South Sawyer Glacier and Williams Cove
  • Daily Expedition Reports
  • 09 Jul 2022

South Sawyer Glacier and Williams Cove, 7/9/2022, National Geographic Sea Lion

  • Aboard the National Geographic Sea Lion
  • Alaska

Our first morning on National Geographic Sea Lion started with our ship making its way into an icy field as we stretched our legs, acclimating to the early Alaskan sunrise. We sailed through channels on our way to Sawyer and South Sawyer Glaciers, surrounded by granite walls. We strained our necks as we looked toward their peaks. After a filling breakfast, we had our first opportunity at adventuring off the ship and onto our smaller inflatable Zodiacs. We explored as closely as possible during this excursion, weaving through icebergs ranging in size from a small pebble to a large bus. We drove through the fjord, observing small, dark spots on the ice that we initially thought were rocks. They were actually harbor seals, some of which had their young pups accompanying them on the floating ice.

Once we were as close to the glacier as possible, we took in the surrounding wilderness with as much appreciation as we could muster, feeling as if we were the only ones in the world. Soon enough, we were incredibly lucky to witness enormous chunks of ice breaking off the glacier and falling into the sea below. This calving process is a normal and expected event that happens as glaciers move and progress across the landscape. It was awe-inspiring to say the least as we watched enormous blocks of glacial ice break off without warning, almost jumping into the ocean below.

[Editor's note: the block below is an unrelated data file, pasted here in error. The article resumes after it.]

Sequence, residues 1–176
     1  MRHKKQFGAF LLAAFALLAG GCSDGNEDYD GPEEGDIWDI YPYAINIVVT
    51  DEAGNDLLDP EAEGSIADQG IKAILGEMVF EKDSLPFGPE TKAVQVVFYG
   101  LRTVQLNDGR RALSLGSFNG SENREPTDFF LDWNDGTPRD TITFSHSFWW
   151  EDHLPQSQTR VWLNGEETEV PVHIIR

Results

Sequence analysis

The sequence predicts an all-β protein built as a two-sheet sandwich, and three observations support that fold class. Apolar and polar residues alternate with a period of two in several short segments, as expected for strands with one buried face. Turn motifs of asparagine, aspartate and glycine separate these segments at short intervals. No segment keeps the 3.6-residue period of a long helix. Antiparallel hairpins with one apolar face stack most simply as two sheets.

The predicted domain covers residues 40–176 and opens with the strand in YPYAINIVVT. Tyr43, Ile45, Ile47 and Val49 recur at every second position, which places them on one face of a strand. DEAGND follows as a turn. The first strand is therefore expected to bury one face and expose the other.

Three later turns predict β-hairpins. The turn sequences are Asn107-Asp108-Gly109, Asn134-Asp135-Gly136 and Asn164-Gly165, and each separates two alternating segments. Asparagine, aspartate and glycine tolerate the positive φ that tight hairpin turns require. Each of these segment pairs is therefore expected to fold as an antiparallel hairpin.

This afternoon, we continued our adventures by once again stepping foot off National Geographic Sea Lion. Instead of Zodiacs, we chose to adventure by way of kayaks and paddleboards this time. Anchored in Williams Cove, guests had the opportunity to paddle around a beautiful inlet. We were surrounded by forests of old-growth western hemlock and Sitka spruce as we took in a stunningly classic Alaskan environment. We were treated to a large iceberg that floated into the cove, displaying what looked like a hundred different shades of blue. Towards the end of the afternoon, we were lucky enough to spot a large black bear walking along the rocky shoreline.

Today was an incredible first full day of our trip here in Southeast Alaska, and we are all excited to keep the sense of adventure going tomorrow when we explore our next stop: Haines.

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